Today’s young people are changing the way we think about what they’re capable of. They’re catalysts for nationwide demonstrations. They bring home Olympic medals. They run successful businesses, publish books, give TED Talks and even earn the Nobel Peace Prize.
And then there’s Kavya Kopparapu.
This senior at Thomas Jefferson High School for Science and Technology in Herndon, Virginia, invented a life-saving device. It began when she fell in love with the power of computing, building KNX projects with her brother and reading Scientific American with her cereal. A National Center for Women and Information Technology workshop sent her home in a fever pitch to learn programming, and in no time, she taught herself Java, HTML, Python, C.
Her fire led her to establish the Girls Computing League to hold coding workshops for underprivileged kids. Her brother and fellow high schoolers hold titles ranging from chief technology officer to chief information officer and chief strategy officer.
Kopparapu, of course, is the founder and CEO while competing in and placing in international science fairs for everything from cybersecurity to artificial intelligence.
And then she turned it up yet another notch.
In June 2016, inspired by her grandfather’s health condition in India, she asked an important question: What if there were a way for local doctors to diagnose diabetic retinopathy? She knew the statistics weren’t encouraging: Of 415 million diabetics worldwide, one-third will develop retinopathy. Fifty percent will be undiagnosed. Half of patients with severe cases will go blind in five years.
And she was also aware that, while doctors certainly make visits in India’s villages and slums, the number of patients far outnumber available ophthalmologists.
So she began her research online and emailed her specific questions to ophthalmologists, computational pathologists, biochemists, epidemiologists, neuroscientists, physicists and gurus in the machine learning field. Her next step: founding another company. Eyeagnosis, which uses a 3D printer to create a camera lens that slides over a smartphone, and, through the corresponding app, diagnoses photos of an eyeball.
She “simply” employed Microsoft’s convolutional neural network off-the-shelf program, ResNet-50, and trained it to spot retinopathy, using 34,000 scans available through the National Institutes of Health.
By November 2017, not quite six months after her initial curiosity, she mailed her prototype to Aditya Jyot Eye Hospital in Mumbai for field testing.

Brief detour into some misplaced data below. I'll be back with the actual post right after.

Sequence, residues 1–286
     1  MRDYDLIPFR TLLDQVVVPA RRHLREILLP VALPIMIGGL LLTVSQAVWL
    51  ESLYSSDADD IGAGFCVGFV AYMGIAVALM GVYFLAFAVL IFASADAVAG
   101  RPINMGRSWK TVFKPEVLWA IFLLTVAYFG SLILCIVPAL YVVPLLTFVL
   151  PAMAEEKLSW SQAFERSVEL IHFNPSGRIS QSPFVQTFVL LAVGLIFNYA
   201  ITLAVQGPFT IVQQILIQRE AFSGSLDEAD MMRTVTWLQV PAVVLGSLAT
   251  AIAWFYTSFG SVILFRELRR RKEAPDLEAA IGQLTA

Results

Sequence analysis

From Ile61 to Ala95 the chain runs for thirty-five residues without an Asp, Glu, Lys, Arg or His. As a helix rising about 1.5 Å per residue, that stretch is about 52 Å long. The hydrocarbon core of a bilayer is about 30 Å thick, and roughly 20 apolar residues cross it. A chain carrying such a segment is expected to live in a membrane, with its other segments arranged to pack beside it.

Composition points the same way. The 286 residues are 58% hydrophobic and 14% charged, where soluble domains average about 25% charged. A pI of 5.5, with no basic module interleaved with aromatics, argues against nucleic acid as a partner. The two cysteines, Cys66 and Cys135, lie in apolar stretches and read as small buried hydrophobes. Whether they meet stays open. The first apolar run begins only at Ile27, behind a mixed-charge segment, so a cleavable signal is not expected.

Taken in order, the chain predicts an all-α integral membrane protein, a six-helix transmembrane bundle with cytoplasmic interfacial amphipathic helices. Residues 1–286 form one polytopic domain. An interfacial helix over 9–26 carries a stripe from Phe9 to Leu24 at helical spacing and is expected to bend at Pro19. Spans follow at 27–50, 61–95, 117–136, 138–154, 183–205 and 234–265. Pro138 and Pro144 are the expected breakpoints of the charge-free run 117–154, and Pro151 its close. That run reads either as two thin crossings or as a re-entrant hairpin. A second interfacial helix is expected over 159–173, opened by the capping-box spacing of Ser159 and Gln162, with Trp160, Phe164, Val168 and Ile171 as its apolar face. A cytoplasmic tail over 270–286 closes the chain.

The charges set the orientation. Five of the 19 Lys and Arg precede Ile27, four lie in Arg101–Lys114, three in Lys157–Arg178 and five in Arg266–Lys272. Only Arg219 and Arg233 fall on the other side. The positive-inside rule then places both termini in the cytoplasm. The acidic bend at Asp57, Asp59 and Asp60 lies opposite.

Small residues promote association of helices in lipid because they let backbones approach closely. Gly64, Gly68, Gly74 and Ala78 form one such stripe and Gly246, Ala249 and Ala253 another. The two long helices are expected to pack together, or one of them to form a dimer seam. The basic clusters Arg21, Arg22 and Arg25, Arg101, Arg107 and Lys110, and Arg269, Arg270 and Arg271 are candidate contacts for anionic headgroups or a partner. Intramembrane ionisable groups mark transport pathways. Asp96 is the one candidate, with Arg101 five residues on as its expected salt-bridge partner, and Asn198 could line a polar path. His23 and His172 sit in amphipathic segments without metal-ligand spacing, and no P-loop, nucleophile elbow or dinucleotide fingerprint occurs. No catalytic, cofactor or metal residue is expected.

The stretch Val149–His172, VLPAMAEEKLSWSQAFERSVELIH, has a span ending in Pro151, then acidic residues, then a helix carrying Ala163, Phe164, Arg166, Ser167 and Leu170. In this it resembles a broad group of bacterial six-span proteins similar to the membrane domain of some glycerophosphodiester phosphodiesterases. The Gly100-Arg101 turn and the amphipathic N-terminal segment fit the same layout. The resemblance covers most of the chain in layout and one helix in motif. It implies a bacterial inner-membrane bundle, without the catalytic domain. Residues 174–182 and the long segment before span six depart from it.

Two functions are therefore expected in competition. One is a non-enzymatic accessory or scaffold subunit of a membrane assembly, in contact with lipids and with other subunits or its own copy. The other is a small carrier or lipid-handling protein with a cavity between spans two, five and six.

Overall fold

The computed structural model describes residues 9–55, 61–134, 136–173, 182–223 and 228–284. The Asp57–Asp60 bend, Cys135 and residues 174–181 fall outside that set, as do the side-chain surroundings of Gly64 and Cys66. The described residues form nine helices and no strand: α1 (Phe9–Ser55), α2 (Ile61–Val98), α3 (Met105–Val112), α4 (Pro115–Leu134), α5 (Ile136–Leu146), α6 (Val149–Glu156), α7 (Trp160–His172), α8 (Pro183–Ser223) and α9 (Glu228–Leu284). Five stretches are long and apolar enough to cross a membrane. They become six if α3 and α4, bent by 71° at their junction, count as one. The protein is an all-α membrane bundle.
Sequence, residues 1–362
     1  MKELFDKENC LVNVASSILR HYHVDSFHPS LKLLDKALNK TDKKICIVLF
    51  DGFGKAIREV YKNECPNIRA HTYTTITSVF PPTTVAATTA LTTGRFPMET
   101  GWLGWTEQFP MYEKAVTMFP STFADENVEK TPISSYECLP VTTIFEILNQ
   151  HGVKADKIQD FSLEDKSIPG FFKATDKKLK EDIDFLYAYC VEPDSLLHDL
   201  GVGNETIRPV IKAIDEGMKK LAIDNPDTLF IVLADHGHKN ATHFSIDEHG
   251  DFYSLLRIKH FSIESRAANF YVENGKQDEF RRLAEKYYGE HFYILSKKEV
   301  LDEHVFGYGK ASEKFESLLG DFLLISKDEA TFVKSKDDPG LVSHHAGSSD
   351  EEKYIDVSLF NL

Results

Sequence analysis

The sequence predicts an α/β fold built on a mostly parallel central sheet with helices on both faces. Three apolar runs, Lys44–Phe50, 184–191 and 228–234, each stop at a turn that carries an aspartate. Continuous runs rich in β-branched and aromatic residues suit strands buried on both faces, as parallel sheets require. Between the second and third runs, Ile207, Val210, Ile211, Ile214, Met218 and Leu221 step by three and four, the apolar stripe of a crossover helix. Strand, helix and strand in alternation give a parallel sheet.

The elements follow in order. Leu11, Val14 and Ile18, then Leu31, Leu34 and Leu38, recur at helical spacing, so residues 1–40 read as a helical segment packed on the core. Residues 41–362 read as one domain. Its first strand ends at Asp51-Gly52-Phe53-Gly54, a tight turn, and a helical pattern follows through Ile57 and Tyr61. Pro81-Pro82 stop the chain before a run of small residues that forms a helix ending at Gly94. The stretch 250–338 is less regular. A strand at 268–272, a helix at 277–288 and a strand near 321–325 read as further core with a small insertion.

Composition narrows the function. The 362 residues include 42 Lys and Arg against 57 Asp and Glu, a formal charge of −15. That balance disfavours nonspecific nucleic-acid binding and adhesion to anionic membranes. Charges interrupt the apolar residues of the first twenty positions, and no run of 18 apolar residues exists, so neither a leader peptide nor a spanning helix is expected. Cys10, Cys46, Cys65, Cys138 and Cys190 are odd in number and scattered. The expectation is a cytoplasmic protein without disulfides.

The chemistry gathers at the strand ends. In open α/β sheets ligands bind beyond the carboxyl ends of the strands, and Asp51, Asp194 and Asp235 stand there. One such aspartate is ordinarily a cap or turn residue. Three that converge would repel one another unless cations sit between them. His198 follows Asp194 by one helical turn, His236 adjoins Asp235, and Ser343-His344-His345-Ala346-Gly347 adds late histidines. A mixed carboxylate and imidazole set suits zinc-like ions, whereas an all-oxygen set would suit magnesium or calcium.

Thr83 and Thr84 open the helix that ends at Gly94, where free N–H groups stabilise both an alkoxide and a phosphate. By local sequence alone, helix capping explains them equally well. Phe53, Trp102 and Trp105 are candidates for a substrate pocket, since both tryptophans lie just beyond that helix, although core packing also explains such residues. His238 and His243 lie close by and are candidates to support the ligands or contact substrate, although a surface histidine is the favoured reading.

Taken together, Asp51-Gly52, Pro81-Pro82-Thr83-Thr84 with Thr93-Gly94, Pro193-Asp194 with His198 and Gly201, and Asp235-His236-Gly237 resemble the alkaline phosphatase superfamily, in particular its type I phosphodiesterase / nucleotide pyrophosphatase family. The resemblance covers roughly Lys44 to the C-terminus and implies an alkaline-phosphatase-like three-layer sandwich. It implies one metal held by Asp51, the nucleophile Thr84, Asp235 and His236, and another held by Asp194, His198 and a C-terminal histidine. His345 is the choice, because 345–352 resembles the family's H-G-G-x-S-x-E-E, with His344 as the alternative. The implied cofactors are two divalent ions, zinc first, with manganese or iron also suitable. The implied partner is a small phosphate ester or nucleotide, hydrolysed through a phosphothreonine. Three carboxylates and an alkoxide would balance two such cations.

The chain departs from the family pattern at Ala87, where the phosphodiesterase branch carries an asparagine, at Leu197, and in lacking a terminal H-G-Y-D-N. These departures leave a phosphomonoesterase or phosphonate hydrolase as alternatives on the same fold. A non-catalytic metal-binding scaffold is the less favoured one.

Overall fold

To date, the Eyeagnosis has accurately diagnosed all five of the patients doctors have used it on.
But Kopparapu isn’t resting on her laurels. In May, she keynoted at the O’Reilly Artificial Intelligence Conference in New York on her latest invention, GlioVision, a project that earned her finalist status in the Regeneron Science Talent Search – known as the junior Nobel Prize.
GlioVision uses GPU-accelerated (graphics processing unit) deep learning to fight glioblastoma, the deadliest form of brain cancer. The software instantly detects and interprets genetic information from a biopsy slide, skipping the long analysis typically involved in determining glioblastoma treatment.
The hope is that doctors will then be able to use this information to predict how fast a tumor will grow and what specific drugs and treatments it will respond to. Today, she’s working with a pathologist at the Georgetown University Medical Center to test her invention’s performance on patient data.
Kopparapu says her goal is to be part of a world where she is not known as a girl who happens to be a computer scientist, but instead as a computer scientist who happens to be a girl. Part two of that goal – making the world a better place. That work will continue from Harvard in the fall.
Was there a teacher or mentor who influenced you or spurred your entrepreneurial thinking?
Over the years, I’ve had the fortune of having several amazing teachers: ones who would stay after school to help me finish a science project, ones who would give up their lunchtime to answer the burning question I wasn’t able to ask during class, ones who would accept invitations to attend events on weekends on their own time.
But I think the teacher who has significantly influenced my entrepreneurial thinking is Mark Hannum, my AP physics teacher and neuroscience lab director. Mr. Hannum teaches at the intersection of many fields: physics, neuroscience, biology and mathematics. He always promoted an interdisciplinary mindset, which led me to the integrative thinking that led to projects such as Eyeagnosis and GlioVision. He also emphasized a mindset of learning, that any subject was within my reach if I had the determination to learn it.